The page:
These deductions are taken from the execution score and include faults such as stepping out of bounds, passing a time requirement, or inappropriate attire or actions.
On the floor, athletes are scored based on the height of their jumps and leaps, along with their tumbling passes. The judges look for body position both at the start of the pass, in the air, and on the landing. Athletes are given deductions if they step out of bounds of the floor, 0.1 points for one foot and 0.3 points for two feet.
On beam, athletes are scored on both their balance and their skills. If they wobble or lose their balance, they can be deducted up to 0.5 points. Judges also score athletes on their leaps and jumps, and how high off the beam they are when they perform these skills. They are also scored on the angle of their leaps. Athletes can lose up to 0.8 points for falling off the beam or grabbing it to catch their balance.
On uneven bars, athletes are scored on the angles they create with their bodies as they move around and between the bars. When performing giants (rotations around the bar), they are expected to reach a full, straight, handstand above the bar. Not reaching this angle will cause a deduction. Rhythm is also key to bar routines. If there are any movements outside of a smooth rhythm, such as an extra cast, swing, or stop, athletes can be deducted up to 0.3 points.
Vault scores depend on three aspects of the event. First, they are scored on their movement from the springboard to the vaulting table, the flight. Then they are scored on their form as they reach and push off of the table, and finally, they are scored on their form in the air and on their landing. Judges look for height above the table, distance from the table, and form in their air and on the landing.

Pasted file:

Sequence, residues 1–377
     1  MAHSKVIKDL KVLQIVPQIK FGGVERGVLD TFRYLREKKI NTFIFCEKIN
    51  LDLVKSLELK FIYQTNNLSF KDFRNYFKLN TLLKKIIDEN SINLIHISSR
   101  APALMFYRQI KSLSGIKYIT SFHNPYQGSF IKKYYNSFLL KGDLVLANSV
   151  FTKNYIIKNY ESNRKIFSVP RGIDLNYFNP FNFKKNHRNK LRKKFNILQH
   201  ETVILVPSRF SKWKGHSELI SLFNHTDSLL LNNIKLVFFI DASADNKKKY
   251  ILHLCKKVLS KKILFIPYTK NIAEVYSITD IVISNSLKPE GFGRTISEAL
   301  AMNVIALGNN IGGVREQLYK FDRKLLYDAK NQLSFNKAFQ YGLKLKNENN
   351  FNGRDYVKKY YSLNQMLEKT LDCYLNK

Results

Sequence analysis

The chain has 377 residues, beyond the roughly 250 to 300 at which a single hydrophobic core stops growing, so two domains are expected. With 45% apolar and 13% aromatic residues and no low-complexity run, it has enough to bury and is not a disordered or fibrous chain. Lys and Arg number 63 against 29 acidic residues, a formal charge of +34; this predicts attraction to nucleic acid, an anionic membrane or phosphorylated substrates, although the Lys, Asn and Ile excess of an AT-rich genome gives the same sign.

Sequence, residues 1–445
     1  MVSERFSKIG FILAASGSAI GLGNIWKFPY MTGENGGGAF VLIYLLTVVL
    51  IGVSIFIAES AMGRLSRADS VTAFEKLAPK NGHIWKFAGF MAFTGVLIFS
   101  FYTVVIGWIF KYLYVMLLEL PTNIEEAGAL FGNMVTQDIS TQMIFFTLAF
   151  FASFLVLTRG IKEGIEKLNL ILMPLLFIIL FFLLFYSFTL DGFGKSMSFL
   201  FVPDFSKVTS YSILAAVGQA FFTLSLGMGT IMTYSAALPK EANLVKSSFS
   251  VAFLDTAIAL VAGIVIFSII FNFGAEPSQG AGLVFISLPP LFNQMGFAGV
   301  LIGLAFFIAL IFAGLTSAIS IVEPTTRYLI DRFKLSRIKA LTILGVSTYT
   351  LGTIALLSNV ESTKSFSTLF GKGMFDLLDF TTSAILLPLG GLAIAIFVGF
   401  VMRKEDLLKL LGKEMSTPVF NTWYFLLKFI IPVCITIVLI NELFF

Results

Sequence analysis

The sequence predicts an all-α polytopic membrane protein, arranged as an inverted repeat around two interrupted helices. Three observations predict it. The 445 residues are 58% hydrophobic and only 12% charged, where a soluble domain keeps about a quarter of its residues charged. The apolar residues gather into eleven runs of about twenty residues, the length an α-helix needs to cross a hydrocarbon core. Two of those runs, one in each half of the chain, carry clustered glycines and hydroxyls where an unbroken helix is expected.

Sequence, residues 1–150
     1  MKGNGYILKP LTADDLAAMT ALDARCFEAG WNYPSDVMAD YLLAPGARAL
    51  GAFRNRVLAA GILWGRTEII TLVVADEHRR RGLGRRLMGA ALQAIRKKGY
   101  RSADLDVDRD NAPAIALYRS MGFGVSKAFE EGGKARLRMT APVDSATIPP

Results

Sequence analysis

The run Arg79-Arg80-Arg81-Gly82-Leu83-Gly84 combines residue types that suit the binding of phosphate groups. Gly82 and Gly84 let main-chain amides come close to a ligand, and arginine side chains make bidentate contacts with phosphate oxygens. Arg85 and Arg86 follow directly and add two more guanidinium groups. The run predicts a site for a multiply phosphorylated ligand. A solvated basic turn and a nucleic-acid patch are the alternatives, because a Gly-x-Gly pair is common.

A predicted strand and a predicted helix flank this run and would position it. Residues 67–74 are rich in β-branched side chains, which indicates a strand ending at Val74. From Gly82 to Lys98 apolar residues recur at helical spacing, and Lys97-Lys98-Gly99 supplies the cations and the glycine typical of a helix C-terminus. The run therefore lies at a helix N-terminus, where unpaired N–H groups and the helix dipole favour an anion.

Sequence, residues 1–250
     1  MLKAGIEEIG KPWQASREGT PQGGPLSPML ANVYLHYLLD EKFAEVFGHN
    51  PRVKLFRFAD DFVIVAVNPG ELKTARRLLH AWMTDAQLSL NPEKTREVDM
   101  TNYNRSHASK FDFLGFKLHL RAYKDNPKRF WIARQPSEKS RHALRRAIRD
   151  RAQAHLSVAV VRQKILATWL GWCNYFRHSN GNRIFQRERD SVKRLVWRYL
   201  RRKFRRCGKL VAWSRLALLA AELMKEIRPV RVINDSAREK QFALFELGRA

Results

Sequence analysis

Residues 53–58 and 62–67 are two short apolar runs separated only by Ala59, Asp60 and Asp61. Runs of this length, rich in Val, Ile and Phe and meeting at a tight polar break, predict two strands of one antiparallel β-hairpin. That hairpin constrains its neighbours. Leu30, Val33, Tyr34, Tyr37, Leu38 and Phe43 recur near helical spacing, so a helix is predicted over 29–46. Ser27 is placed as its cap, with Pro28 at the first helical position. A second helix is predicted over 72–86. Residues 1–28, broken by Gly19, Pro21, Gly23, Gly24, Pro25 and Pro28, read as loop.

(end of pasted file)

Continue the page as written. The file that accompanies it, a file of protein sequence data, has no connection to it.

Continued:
High bar scores are similar to uneven bar scores. Athletes are expected to reach handstands above the bar, keep a consistent rhythm, and to hold proper form as they move around the bar. A fall from the bars or an added movement will lead to deductions.
On the pommel horse, athletes are scored on their ability to maintain a consistent rhythm and height above the table. The judges will also be looking for good form in movements, and deductions will be made if athletes hit their legs on the table or fall off the apparatus.
On the parallel bars, athletes are scored based on their ability to hold positions such as handstands above the bars, their swing between and over the bars, and their ability to keep good form. If they hit their legs on the bars or lose the hold on their positions, points will be deducted.
On the rings, one of the main skills judges look for is the athlete's ability to hold a position for at least two seconds. If they cannot hold their position, points will be deducted. Judges also look for a consistent rhythm, good form, and proper landings.